External Affairs Minister S Jaishankar on Wednesday presided over a ceremony in London to repatriate two eighth-century statues that were stolen from India and recently recovered in England.
The idols of Yogini Chamunda and Yogini Gomukhi, stolen from a temple in Lokhari, Uttar Pradesh between the late 1970s and early 1980s, were recovered by the Indian High Commission in London in collaboration with the India Pride Project and Art Recovery International.
Jaishankar unveiled the statues at India House on the last day of his five-day visit to Britain and said he was eagerly waiting for their return home.
“Today, it is important that we move towards appreciating each other’s culture to ensure that cultural exchange is legal, transparent and rules-based,” Jaishankar said.
“Whenever there have been deviations and whenever they have been corrected, I think it is very important,” he said. The art of Yogini Yoga refers to female gurus, with 64 divine Yoginis worshiped at Yogini temples such as Lokhari. She is worshiped as a goddess.
The term is slightly different as it applies to both the goddess and adept worshippers, who were believed to be able to gain some of the goddess’s powers by performing secret rituals in front of the idols.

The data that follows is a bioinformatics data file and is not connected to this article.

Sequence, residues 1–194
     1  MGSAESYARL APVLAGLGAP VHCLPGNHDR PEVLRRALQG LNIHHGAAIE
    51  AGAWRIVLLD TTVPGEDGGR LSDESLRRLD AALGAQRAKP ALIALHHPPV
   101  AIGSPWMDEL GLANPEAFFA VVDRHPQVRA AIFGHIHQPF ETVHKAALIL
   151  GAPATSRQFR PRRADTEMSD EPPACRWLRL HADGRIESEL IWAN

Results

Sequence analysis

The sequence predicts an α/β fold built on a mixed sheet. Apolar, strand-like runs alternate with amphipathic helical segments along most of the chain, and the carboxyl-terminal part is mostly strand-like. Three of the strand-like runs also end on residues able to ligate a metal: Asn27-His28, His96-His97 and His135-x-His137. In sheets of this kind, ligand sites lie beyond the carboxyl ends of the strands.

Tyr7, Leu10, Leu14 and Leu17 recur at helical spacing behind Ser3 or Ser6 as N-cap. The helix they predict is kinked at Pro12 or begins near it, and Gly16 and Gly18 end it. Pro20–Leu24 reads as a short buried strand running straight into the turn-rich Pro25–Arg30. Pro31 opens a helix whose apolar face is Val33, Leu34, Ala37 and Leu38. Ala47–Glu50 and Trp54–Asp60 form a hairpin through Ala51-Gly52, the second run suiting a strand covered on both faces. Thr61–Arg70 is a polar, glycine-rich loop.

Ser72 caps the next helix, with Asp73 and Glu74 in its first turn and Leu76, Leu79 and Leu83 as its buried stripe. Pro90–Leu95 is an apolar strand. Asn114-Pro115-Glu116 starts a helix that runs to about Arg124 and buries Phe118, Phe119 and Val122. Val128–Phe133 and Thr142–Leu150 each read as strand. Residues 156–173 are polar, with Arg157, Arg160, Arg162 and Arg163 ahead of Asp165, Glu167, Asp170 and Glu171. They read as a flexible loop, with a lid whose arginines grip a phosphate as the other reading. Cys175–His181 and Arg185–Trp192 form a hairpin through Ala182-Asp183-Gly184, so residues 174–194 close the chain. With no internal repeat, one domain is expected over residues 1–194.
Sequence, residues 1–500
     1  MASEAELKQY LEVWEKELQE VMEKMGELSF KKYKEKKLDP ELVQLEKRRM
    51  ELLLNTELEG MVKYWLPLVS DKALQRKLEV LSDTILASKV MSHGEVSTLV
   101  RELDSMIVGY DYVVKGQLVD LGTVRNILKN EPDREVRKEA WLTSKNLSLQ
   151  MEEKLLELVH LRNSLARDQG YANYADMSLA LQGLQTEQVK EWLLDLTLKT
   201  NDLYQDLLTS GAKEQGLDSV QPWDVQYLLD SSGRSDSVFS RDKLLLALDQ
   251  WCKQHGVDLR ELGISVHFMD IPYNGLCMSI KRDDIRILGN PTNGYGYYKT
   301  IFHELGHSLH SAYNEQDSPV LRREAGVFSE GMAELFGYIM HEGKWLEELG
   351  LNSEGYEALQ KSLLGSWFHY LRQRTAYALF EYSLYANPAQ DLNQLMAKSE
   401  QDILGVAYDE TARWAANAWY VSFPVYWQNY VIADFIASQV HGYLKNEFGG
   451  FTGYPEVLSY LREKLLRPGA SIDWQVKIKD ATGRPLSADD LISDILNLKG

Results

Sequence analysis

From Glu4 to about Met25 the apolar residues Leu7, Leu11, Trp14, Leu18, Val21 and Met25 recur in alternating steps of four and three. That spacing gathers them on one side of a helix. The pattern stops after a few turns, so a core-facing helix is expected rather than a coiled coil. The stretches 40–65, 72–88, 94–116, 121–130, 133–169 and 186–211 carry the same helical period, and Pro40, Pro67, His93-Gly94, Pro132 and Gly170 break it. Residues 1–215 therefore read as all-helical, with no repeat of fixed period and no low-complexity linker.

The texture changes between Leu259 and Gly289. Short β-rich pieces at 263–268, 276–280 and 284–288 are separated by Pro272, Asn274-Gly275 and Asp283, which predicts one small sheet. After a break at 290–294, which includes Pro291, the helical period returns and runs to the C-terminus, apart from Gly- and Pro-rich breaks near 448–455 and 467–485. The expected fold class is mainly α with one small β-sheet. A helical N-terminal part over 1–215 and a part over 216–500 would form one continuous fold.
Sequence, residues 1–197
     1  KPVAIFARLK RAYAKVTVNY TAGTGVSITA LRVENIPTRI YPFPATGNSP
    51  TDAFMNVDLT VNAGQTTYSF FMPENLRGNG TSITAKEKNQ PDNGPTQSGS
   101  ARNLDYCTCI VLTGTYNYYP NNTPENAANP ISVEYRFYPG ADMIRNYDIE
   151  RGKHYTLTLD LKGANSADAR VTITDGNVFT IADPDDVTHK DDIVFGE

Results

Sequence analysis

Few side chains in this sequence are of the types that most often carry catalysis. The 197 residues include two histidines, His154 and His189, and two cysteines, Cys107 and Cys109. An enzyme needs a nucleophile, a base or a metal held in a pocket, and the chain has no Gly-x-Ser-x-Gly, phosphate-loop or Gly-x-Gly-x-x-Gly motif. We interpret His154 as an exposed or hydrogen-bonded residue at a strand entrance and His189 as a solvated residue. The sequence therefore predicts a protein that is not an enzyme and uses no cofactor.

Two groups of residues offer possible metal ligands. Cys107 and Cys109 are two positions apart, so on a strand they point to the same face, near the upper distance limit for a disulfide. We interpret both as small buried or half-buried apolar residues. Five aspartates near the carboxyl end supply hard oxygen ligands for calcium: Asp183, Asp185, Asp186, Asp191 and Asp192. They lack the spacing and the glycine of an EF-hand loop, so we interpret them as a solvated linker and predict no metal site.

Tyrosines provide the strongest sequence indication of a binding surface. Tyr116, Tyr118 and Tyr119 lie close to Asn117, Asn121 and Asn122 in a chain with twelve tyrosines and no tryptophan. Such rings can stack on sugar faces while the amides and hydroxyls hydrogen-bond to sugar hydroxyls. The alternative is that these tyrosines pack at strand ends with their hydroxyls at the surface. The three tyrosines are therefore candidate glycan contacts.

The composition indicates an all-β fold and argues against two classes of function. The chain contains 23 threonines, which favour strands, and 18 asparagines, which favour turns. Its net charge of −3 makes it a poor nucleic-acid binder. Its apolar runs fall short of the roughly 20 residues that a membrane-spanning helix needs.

The Lokhari temple is believed to have 20 yogini idols, depicted as beautiful women with animal heads. In the 1970s, the temple was targeted by a group of robbers who are believed to have operated out of Rajasthan and Maharashtra and smuggled goods into Europe through Switzerland.
An unknown number of statues were stolen at the time, others were vandalized, the remaining statues were later removed and hidden by local villagers. Chris Marinello of ‘Art Recovery International’ said, “This is the fifth time that we have been successful in returning important items of cultural heritage to India, thrice in Milan, Brussels and London.
We work closely with the ‘India Pride Project’ and when they identify one of these, we negotiate with the owners in an effort to reach an amicable solution.”
Jaspreet Singh Sukhija, First Secretary of Trade and Economics at the Indian High Commission in London, is working on the search for these statues with ‘India Pride Project’, an organization working to find lost artefacts of India.
Vikram Duraiswami, India’s High Commissioner to Britain, said, “What we want to do on these occasions is to find some acceptable and amicable solutions so that our heritage can go back where it best suits where it belongs and where it belongs.” It is most appreciated.
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